Education Law

Officer has immunity for arresting teen for belching at school, 10th Circuit rules

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A police officer who arrested an Albuquerque middle school student for repeatedly fake burping during gym class was entitled to qualified immunity, a federal appeals court has ruled.

The Denver-based 10th U.S. Circuit Court of Appeals ruled (PDF) in the case of a 13-year-old student, “F.M.,” whose arrest was based on New Mexico’s school disruption law, report Bloomberg View and the Albuquerque Journal. The law makes it a misdemeanor to willfully interfere with the educational process through an act to disrupt, impair or interfere with lawful school functions.

The boy’s teacher had removed him from gym class in May 2011 and sent him to the hallway after he repeatedly interrupted with fake burps. Undeterred, the boy continued to lean into the class and burp. An Albuquerque police officer assigned to the school patted down the boy, handcuffed him, and took him to a juvenile detention facility. He stayed there for an hour until his mother picked him up.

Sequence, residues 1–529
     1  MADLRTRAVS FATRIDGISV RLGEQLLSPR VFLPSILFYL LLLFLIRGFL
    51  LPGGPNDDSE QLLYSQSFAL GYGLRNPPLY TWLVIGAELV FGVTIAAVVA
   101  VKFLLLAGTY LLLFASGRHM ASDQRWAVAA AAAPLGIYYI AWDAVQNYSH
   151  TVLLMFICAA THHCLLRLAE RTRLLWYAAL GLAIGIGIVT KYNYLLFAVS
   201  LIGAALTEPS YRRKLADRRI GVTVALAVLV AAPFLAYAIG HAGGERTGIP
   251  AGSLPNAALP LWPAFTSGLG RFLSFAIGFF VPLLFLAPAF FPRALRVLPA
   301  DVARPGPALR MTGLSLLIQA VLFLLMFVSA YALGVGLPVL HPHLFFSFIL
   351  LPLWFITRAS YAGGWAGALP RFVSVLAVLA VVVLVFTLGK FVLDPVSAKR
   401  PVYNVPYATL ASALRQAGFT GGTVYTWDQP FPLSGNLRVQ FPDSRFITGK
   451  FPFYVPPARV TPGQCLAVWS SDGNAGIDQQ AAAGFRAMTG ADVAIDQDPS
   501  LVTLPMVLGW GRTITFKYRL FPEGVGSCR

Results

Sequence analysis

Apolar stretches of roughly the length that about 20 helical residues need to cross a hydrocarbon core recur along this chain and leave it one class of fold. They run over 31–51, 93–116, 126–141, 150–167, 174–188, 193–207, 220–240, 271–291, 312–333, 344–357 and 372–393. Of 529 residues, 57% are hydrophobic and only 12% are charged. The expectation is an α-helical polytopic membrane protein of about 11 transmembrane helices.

F.M.’s mother had sued school officials and the police officer for the burping arrest. A federal court dismissed the suit against all defendants, and the mother appealed the case dismissal against the officer. The 10th Circuit affirmed in a 2-1 decision.

The court majority said the officer was entitled to immunity because he could have reasonably believed he had probable cause for the arrest.

The appeals court decision also dealt with a separate suit filed on the boy’s behalf over a partial strip search for drugs, conducted at the school after a student reported seeing a drug transaction. No drugs were found, though the search did uncover a belt buckle with a marijuana leaf and a prohibited red bandanna. The court found that school officials had qualified immunity.

See also:

ABA Journal: “Schools start to rethink zero tolerance policies” “How do we fix the school-to-prison pipeline? (podcast with transcript)”

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